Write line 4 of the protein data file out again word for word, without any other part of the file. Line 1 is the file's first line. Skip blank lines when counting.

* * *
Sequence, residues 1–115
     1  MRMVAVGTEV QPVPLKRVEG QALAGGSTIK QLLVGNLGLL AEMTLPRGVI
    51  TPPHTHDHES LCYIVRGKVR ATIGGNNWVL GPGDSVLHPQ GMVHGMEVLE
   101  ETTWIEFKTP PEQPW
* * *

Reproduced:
   101  ETTWIEFKTP PEQPW